Wednesday, October 12, 2005


I bleeding well love Sopranos. A fairly obvious television programme to like, but I'm past the point of caring if my tastes are obvious.

However, the best thing about the Sopranos, to me, was always Tony's relationship with his complete cowbag of a mother Livia, brilliantly played by Nancy Marchand. Damn inconvenient for Nancy to die during the filming of - was it the second or third series (sorry, ought to do my research and geek up properly)?

At some point I remember the Soprano family were having one of their endless family get together meals when Livia didn't turn up. Outrageous behaviour: in the Soprano's rulebook, kicking a man to a pulp, taking him into the woods to be shot or garrotting someone is perfectly acceptable, but not turning up at a family get together is beyond the pale. Tony was fuming about it afterwards, recalling stuff he'd learnt at his "secret" counselling sessions. "They call this fucking stuff negative attention getting, I've heard about it" he ranted. Or words to that effect - I couldn't be arsed to pore over hours of HBO scripts to find out EXACTLY what he said.

Well, there's a thing. I've come to realise that I like a bit of negative attention getting myself. Not turning up at events that I've been invited to and therefore annoying people is quite enjoyable. It happened again a week or so back.

We were originally asked if we'd like to attend Ron's 70th birthday do. As very few people were likely to turn up, it was weeks before his birthday, and we would be going to a meal with him nearer the time, we declined the offer.

Needless to say, after the event we were informed that Everybody Turned Up. The daughters-in-law turned up. "Even the babies" turned up. The two feral grandchildren whose endearing habits include biting their grandparents turned up. Worst of all - Pete And Shirley From Crockenhill turned up (it is not just Pete and Shirley. It has always been Pete And Shirley From Crockenhill). Just imagine! Pete and Shirley From Crockenhill had come all the way from Crockenhill!

The one good thing is that Norma and Roger didn't go.

"You should have come, we had a great time".

This can only mean one thing. People have been saying things about us, and have been disappointed. I quite enjoy that. This means I am a complete bitch, and I am admitting it to you here as a form of therapy.

It's a habit I've acquired over a number of years. I've used every excuse going to avoid going to weddings as I HATE WEDDINGS MORE THAN ALMOST ANYTHING. All people who invite you to weddings say "don't worry, our wedding isn't going to be the usual sort of do!" and of course it always is. I hate weddings so much that there were only four guests at my own. Once again I managed to indulge in a bit of negative attention getting, because a number of people were disappointed about my churlish behaviour. Result!

Unfortunately, the chance to avoid social events is getting slimmer and slimmer. For starters, I married someone who is likely to say "well, you can't not go, really ..." as a response to most invites. Hmm, two negatives don't make a positive in my book, but marriage is all about compromise, isn't it? The other thing is the in-laws put a lot of stock by family get togethers. I should point out that this is the only thing they share in common with the Sopranos. As far as I know, my mother-in-law has not garrotted anyone.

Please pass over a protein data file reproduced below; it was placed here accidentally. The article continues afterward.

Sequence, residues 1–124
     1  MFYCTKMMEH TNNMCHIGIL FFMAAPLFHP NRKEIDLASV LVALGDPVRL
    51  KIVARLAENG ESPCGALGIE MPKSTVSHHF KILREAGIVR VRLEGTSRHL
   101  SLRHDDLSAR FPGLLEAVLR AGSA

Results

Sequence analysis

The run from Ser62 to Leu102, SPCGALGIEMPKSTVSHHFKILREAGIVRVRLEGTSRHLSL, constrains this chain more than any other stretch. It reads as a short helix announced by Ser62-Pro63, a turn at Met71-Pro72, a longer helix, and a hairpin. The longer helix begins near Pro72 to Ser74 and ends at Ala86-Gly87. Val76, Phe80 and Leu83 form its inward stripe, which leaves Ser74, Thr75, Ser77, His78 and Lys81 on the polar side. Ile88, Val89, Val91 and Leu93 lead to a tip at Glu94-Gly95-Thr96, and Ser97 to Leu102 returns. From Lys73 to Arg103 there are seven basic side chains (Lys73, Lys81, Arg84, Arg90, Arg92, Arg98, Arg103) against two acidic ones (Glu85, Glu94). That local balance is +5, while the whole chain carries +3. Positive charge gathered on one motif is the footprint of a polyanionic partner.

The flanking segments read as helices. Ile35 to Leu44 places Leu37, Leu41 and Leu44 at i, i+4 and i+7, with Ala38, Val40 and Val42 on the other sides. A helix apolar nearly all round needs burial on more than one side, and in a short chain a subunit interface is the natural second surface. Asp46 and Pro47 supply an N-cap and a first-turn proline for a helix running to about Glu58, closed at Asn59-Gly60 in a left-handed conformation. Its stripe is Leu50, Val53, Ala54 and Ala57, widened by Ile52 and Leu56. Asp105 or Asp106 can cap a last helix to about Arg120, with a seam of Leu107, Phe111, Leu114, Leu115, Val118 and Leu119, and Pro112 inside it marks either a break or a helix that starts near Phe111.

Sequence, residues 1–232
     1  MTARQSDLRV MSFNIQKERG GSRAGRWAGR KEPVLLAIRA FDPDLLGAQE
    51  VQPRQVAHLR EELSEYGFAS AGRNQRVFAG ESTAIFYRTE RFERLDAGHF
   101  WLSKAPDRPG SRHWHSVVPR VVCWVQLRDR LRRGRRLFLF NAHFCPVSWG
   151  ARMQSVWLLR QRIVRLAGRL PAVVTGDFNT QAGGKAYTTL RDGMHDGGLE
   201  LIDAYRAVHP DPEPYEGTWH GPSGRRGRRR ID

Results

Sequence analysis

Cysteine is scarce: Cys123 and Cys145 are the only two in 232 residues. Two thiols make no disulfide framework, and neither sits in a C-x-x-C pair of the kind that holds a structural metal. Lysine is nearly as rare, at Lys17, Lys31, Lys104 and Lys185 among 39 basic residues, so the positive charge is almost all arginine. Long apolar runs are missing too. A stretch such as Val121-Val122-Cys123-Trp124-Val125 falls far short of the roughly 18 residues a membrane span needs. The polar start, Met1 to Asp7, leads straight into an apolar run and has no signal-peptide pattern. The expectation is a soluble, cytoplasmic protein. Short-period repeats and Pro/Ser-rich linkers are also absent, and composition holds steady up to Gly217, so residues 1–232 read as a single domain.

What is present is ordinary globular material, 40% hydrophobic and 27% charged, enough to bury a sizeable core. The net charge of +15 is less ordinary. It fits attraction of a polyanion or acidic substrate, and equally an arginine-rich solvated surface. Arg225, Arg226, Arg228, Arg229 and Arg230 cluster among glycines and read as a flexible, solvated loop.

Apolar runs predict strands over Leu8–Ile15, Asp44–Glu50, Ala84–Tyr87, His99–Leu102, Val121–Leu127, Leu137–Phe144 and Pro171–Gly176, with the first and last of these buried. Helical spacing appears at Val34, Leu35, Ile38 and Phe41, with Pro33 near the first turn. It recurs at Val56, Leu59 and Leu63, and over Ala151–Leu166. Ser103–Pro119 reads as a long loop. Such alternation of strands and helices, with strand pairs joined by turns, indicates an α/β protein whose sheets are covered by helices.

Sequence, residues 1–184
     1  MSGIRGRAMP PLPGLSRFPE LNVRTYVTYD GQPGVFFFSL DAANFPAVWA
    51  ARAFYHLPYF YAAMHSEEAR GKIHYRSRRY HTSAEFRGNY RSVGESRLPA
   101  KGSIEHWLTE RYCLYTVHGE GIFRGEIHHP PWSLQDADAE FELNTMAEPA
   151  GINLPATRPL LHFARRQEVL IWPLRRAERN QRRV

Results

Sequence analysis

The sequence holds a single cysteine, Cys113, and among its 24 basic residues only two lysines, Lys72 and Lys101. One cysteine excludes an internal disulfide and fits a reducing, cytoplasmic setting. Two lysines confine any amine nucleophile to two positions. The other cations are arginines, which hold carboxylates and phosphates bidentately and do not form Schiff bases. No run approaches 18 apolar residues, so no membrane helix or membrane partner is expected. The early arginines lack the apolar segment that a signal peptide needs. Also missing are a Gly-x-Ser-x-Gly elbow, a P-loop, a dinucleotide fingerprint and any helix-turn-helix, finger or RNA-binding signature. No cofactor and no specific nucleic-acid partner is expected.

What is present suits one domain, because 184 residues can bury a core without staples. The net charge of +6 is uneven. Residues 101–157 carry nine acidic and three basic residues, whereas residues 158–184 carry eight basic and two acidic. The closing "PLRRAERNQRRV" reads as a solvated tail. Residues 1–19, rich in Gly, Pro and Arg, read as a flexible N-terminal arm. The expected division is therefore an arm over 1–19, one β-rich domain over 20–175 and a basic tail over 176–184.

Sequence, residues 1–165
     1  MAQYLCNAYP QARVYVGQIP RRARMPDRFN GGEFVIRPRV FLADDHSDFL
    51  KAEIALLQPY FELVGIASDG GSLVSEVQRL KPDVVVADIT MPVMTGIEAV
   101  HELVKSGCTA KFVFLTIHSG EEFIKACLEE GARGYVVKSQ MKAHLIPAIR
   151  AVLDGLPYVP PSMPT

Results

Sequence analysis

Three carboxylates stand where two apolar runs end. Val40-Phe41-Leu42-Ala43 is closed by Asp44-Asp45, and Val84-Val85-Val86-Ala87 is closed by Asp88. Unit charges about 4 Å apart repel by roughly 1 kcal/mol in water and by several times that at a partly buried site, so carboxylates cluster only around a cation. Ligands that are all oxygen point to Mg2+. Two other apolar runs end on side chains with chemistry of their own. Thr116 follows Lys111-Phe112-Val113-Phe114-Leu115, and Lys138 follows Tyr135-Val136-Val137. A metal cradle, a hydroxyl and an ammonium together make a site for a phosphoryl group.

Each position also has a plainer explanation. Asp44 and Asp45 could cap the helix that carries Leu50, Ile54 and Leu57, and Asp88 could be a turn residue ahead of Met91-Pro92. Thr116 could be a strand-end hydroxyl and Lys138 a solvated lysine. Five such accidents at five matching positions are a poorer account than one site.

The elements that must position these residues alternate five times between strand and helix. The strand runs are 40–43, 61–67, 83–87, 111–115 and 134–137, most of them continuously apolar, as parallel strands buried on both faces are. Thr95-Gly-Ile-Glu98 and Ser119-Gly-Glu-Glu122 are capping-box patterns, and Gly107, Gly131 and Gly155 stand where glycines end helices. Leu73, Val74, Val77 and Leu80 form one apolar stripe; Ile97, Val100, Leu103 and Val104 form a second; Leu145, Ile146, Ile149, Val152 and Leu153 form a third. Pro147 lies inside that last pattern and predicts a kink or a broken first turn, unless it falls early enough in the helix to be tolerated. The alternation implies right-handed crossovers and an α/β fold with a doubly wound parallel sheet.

So this is a tough time of year for me, as all the in-law family birthdays seem to occur in the last three months of the year. Then there is the social phobic's nadir, Christmas, to deal with. The nadir of Christmas Day, of course, is those games you are forced to play after dinner. Consequences? Pictionary? How old am I, bloody seven? Better to sit at home sulking and missed by everyone else, who hopefully is tutting about your miserly behaviour. They have put themselves out, so why can't you?

Anyways, must go, can't see you tonight as I've got a migraine coming on. Laters xxx!!

I particularly hate New Year. All that false bonhomie gets on my tits.
It's even worse in the Scottish highlands as everyone buggers off before twelve so that they can be with their families to hear 'the bells'. Some party that.
You don't need excuses not to go. I have told people I don't like weddings, and won't go to any unless, for some bizarre reason, I really want to.
Mrs S's friend's daughter is getting married soon. I said I wouldn't go. "But it is only a small wedding, and we're having it at home." "I'll know where to drop off Mrs S. then."
Oh no. You came to my wedding.You must have hated every moment.
Garfer - New Year's Eve is the most depressing night of the year, and always leaves me feeling deflated, depressed and imagining everyone else is having a better time than me, even though they're clearly not. This has happened whether I'm at a party, a pub, a club or at home. This year I'm hoping to spend the night under anaesthetic.

Vicus - perhaps I should come clean and admit that I hate weddings, but behind every wedding is the hand of a fearsome mother pulling the strings, a woman who, when it comes to their daughter's nuptials, becomes a combination of Pol Pot and Attila the Hun. I'm usually too terrified to refuse an invite because of women like that.

Grunhaus - welcome to the world of Blogger commenting. Here evil lurks. Your wedding was okay as weddings go - no Barry's Mobile Disco playing Lulu's "We-e-e-e-e-ll" slightly too fast (all mobile discos used to play vinyl singles at 52 rpm) and no stilted conversations with an auntie who forces you to agree that the bride looks "lovely" even though the bride looks like Wayne Rooney and is so bandy she couldn't stop a pig in a ginnel.

Phew ... I went on a bit there. A good job people have stopped sending comments here really.
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